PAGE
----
Another reason people might have been faster 20 years ago is there was no drug testing. 

Of course, Peter, because it's only been in recent years that the extensive drug testing of recreational marathoners has been so widespread.

It must have been rampant 35 years ago to produce the depth of performances back then. All those sub 2:40 and sub 3 marathoners. Simply appalling. 

If only today's BOP plodders invested in a some quality pharmaceuticals, no telling where the health of Australian marathoning would be!

:fish: 

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I wonder if diet plays a part.  Much more sugar in everyday food than years ago when Paul is talking about.  Of course sugar was around but not in the food like it is today.  The shift in easy meals and time poor people surely has an effect on the overall health and ultimately the performance out of the everyday runner.

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11 hours ago, Ex-Hasbeen said:

The stats you gave really depend on the day & the field. Did you realise only 95 runners broke 3 hours the year before that in 1979?

Of course there were fewer in 1979, and no doubt fewer still in Melbourne's inaugural year of 1978.

Marathon running (and running in general) was still finding a foothold in Australia as a mass participation sport. As author Jim Fixx observed at that time, running had only recently moved from being considered an eccentricity to a sport.....and that was in the US, where the popularity of the running/jogging boom preceded the rest of the world.

The shift in running's popularity into the early '80s in Australia was an enormous social, health and sporting phenomena. Considerably more profound and widespread than triathlon's rise in popularity a decade later.

From the late '70s to early '80s, running normalised adults exercising and training in public space beyond the confines and structures of the sporting fields, courts and pools.

It changed the way Australia exercises to this day, far beyond running itself.

Though Norm is still overdue for a come back........Life. Be in it.

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20 hours ago, Fitness Buddy said:

3 hours use to be the bench mark now doing one is.  

Despite this comment ruffling some feathers, it's pretty accurate.

35 years on, I still remember one of the first comments said to me after crossing the line in my first marathon. "You're going to break 3 hours for sure." It was certainly a goal and focus for many runners..........and it then became mine for another 8 marathons over the best part of three years.

There was a more widespread result focus among marathoners back then and sub 3 was a part of that.

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Times are only relevant if your goal is to finish at a certain time.   Its great to see people out exercising no matter what their times are ,  media can't seem to focus on the positives these days.

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3 hours ago, Paul Every said:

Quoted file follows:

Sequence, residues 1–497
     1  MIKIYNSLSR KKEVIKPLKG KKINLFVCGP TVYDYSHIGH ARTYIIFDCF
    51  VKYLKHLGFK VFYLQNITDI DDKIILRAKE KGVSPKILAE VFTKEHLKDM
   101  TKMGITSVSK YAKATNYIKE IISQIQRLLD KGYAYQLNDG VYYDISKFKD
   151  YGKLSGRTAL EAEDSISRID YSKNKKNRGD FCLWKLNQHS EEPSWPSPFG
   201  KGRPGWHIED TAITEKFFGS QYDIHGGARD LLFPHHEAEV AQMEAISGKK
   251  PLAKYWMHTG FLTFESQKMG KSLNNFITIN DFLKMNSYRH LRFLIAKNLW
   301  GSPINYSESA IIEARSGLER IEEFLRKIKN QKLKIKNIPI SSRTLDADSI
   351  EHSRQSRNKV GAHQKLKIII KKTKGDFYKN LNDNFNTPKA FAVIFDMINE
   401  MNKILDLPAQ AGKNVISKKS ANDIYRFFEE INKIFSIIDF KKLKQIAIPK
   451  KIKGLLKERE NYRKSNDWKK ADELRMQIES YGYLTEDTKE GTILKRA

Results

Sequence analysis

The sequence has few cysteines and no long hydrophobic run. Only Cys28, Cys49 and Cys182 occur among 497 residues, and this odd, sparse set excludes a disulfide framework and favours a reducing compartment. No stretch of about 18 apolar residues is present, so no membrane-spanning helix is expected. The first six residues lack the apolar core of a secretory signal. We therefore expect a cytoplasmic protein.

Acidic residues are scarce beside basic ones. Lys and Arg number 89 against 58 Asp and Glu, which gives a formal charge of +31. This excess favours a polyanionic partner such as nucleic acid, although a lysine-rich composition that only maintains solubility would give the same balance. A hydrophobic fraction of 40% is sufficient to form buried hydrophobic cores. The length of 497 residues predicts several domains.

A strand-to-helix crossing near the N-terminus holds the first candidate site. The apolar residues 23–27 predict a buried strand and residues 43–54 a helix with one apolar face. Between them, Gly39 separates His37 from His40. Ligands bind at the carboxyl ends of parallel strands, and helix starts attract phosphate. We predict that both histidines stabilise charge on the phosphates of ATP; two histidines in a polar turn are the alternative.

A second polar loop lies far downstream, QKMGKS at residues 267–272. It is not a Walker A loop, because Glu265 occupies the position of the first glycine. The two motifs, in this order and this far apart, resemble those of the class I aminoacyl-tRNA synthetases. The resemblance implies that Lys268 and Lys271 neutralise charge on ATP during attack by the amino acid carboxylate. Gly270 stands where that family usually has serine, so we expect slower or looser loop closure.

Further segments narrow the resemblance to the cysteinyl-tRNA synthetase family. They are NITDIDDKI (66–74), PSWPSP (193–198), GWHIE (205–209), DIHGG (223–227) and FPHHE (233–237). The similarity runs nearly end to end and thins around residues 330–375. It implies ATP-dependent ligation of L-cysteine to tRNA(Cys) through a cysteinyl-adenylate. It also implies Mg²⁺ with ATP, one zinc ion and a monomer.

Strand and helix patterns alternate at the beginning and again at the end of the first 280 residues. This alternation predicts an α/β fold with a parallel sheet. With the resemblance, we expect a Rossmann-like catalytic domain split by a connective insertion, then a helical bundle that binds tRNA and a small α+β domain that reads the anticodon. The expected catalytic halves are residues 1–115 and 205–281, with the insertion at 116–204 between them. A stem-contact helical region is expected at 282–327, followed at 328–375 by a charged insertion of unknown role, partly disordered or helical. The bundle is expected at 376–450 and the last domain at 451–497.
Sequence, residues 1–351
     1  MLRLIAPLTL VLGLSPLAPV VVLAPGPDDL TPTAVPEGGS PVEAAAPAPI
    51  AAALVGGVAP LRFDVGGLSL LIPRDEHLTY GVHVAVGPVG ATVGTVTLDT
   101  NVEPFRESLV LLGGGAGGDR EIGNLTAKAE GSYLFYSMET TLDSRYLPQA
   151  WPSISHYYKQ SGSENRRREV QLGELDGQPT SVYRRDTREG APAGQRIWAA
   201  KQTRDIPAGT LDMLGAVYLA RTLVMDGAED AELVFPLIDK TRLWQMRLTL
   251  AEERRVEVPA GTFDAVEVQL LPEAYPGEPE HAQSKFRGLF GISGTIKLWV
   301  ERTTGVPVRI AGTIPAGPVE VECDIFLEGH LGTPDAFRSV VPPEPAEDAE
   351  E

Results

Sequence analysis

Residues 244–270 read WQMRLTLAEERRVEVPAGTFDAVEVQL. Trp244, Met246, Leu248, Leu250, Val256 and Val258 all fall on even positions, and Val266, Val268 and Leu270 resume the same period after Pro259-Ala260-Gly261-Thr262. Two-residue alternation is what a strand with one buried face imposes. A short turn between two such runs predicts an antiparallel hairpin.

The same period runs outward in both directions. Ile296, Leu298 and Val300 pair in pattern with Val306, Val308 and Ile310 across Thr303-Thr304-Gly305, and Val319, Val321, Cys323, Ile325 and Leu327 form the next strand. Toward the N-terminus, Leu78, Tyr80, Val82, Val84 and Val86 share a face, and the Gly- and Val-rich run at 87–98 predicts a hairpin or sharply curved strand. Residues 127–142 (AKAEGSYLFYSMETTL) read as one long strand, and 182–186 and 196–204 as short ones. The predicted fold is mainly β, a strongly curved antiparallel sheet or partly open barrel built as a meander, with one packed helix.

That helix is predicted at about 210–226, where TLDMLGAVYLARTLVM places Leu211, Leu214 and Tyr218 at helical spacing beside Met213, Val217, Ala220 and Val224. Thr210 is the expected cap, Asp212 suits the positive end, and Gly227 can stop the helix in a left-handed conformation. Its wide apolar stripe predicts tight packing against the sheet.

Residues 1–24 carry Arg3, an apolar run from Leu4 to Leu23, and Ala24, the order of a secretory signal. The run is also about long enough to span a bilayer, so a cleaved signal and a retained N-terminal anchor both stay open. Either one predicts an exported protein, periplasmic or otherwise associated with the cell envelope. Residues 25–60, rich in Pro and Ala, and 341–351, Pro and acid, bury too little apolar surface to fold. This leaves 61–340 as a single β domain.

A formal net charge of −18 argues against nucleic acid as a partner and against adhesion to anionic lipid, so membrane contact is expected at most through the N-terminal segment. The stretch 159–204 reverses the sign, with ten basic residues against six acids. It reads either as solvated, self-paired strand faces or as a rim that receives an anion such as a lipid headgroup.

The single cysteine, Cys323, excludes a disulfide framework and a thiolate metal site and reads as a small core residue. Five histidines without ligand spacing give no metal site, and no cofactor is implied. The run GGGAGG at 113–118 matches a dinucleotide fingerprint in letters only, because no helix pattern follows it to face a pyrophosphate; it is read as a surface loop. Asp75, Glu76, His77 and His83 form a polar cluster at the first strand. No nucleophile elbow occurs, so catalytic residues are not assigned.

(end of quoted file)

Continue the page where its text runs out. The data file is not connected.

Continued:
Of course there were fewer in 1979, and no doubt fewer still in Melbourne's inaugural year of 1978.

Marathon running (and running in general) was still finding a foothold in Australia as a mass participation sport. As author Jim Fixx observed at that time, running had only recently moved from being considered an eccentricity to a sport.....and that was in the US, where the popularity of the running/jogging boom preceded the rest of the world.

The shift in running's popularity into the early '80s in Australia was an enormous social, health and sporting phenomena. Considerably more profound and widespread than triathlon's rise in popularity a decade later.

From the late '70s to early '80s, running normalised adults exercising and training in public space beyond the confines and structures of the sporting fields, courts and pools.

It changed the way Australia exercises to this day, far beyond running itself.

Though Norm is still overdue for a come back........Life. Be in it.

 

IMG_1179.PNG

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49 minutes ago, Peter said:

Marathons can't be that hard. The queen just won one. 

IMG_1184.PNG

*inserts sarcastic comment about YOUR queen* ;)

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1 hour ago, Peter said:

Marathons can't be that hard. The queen just won one. 

IMG_1184.PNG

I feel she's let us down here.  She has a pair of sharp scissors in her hand is within striking distance of the Poison Krankie. :whistling:

Edited by FatPom

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Sooooo many factors in all of this.

First off the article talks of a change between 2000 and 2016, then all of a sudden we're talking about the 80's.

Talking of the 80's what happened here?

Melbourne

1987 77 people went under 2:40

1991 24 people went under 2:40

That certainly wasn't due to garmins.........................

 

Are we slowing down?

As a country?

I think we may very well be but there are a hell of a lot more of us running, albeit slower, which is much better than participation numbers declining.

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12 minutes ago, nealo said:

1987 77 people went under 2:40

1991 24 people went under 2:40

That certainly wasn't due to garmins.........................

Thankyou.  Someone with a brain.

1991 could have been windy as shit.  Or wet, or boiling hot too.